Ellen G. White Writings

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Testimonies for the Church, vol. 4, Page 82

may forever cut off meditated acts of benevolence, when he who has accumulated a fortune is no longer by to guard it. It is sad that so many neglect the present golden opportunity to do good, and wait to be cast out of their stewardship before giving back to the Lord the means which He has lent them to be used for His glory.

One marked feature in the teachings of Christ is the frequency and earnestness with which He rebuked the sin of covetousness and pointed out the danger of worldly acquisitions and inordinate love of gain. In the mansions of the rich, in the temple and in the streets, He warned those who inquired after salvation: “Take heed, and beware of covetousness.” “Ye cannot serve God and mammon.”

It is this increasing devotion to money getting, the selfishness which the desire for gain begets, that removes the favor of God from the church and deadens its spirituality. When the head and hands are constantly occupied with planning and toiling for the accumulation of riches, the claims of God and humanity are forgotten. If God has blessed us with prosperity, it is not that our time and attention should be diverted from Him and given to that which He has lent us. The giver is greater than the gift. We are not our own; we have been bought with a price. Have we forgotten that infinite price paid for our redemption? Is gratitude dead in the heart? Does not the cross of Christ put to shame a life of selfish ease and indulgence?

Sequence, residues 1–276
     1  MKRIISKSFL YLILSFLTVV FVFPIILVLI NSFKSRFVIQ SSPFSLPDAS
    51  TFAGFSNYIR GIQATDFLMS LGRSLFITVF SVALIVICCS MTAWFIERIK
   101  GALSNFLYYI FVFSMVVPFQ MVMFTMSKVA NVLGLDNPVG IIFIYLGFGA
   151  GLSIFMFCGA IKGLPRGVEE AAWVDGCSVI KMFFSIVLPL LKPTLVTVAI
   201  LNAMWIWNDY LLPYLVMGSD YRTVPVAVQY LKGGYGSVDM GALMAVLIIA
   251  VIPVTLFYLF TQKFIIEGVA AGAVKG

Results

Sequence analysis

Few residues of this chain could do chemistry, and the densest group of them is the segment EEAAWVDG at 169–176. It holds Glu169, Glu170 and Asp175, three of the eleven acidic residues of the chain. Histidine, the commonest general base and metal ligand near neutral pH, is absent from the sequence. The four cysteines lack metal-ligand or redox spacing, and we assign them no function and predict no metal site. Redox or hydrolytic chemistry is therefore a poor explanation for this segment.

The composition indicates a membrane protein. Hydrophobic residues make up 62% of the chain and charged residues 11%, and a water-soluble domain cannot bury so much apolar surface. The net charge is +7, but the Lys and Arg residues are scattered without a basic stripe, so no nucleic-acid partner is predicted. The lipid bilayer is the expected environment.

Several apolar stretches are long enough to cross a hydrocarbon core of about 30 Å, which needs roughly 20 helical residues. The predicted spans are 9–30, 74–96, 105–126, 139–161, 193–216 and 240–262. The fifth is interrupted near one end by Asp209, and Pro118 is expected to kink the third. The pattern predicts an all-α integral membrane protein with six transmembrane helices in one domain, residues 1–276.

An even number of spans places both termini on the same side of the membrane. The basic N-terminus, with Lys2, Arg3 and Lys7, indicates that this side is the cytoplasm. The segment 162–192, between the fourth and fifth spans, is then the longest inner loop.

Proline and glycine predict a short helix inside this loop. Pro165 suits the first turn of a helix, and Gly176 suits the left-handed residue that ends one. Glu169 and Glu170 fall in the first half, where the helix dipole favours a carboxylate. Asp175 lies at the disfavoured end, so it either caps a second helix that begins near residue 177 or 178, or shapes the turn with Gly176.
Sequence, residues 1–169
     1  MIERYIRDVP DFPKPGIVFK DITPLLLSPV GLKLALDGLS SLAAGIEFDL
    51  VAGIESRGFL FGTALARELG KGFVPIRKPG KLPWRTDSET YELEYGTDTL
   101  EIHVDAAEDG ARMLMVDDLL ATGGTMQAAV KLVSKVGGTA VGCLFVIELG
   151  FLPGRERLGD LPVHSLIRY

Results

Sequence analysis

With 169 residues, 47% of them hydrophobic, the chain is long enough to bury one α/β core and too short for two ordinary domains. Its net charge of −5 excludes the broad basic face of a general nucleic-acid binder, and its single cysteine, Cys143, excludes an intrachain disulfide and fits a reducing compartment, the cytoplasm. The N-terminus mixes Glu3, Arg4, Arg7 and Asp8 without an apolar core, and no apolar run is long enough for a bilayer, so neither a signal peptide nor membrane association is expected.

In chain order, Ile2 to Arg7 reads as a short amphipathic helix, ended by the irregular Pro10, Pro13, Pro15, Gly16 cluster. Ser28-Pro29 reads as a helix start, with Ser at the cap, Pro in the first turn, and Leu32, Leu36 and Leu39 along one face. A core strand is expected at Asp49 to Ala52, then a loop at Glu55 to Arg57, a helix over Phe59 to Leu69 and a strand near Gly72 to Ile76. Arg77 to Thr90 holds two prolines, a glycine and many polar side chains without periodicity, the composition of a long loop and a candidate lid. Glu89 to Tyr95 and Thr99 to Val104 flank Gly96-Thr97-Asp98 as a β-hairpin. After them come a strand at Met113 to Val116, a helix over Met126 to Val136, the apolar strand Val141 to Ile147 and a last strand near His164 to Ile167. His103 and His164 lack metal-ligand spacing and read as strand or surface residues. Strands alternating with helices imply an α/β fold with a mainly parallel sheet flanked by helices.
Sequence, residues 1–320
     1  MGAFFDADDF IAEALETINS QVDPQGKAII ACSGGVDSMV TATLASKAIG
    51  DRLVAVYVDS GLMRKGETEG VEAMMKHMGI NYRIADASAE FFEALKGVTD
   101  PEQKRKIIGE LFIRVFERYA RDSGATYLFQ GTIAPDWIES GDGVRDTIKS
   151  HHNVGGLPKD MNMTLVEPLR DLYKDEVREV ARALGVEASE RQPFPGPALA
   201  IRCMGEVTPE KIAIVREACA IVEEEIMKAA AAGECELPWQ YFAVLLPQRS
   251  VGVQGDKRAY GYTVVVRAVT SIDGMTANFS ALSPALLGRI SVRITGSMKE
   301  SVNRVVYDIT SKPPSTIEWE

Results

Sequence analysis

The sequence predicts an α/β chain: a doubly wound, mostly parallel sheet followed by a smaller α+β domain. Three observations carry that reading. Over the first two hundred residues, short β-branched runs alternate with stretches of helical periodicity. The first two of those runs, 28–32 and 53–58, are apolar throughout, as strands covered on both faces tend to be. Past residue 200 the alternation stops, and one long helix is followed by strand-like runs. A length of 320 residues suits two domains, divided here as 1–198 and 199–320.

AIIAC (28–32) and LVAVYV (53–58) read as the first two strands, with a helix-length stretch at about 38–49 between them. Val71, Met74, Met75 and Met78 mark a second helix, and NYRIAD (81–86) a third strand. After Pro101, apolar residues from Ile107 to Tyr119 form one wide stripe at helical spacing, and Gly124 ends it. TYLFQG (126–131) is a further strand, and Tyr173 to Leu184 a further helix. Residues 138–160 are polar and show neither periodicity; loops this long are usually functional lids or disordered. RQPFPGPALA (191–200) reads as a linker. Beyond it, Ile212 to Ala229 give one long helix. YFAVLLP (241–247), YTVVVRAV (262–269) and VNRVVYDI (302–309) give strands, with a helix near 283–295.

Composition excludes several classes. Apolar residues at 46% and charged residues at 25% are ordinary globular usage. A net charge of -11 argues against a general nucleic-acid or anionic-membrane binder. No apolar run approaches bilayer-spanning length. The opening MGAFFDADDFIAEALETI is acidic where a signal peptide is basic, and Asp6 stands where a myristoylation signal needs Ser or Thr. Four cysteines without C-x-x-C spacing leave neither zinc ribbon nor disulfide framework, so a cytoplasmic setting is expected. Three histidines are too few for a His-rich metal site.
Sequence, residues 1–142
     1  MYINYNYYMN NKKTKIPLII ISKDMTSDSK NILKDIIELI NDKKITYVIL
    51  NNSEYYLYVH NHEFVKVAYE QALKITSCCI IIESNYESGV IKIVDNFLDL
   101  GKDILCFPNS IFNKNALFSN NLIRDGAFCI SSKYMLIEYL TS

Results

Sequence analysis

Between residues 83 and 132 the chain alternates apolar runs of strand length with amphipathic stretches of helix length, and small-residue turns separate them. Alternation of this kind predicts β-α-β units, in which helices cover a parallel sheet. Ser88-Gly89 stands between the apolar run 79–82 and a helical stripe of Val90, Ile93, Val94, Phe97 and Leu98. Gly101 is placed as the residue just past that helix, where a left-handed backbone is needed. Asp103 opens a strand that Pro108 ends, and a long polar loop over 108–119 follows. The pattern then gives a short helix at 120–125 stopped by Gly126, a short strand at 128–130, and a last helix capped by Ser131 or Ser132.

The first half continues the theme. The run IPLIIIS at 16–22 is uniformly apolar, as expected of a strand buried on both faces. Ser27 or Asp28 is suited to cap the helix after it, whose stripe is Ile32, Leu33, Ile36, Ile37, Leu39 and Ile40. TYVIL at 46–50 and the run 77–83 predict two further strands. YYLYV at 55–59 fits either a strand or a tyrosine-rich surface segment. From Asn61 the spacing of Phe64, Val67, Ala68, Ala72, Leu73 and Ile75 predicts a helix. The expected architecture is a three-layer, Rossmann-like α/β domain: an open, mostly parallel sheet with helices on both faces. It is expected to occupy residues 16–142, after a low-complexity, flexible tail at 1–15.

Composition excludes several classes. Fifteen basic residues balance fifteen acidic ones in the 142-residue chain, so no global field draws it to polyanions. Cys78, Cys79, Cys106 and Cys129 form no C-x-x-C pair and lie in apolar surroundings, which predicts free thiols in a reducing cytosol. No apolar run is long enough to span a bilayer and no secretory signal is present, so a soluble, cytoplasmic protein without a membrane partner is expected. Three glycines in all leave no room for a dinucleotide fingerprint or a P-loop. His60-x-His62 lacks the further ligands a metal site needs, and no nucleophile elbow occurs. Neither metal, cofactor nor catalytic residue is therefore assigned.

What if Christ, becoming weary of the ingratitude and abuse that met Him on every side, had left His work! What if He had never reached that period when He said: “It is finished.” What if He had returned to heaven, discouraged by His reception! What if He had never passed through that soul agony in the garden of Gethsemane that forced from His pores great drops of blood!

Christ was influenced in His labor for the redemption of the race by a love that is without parallel, and a devotion to the Father's will. He toiled for the good of man up to the

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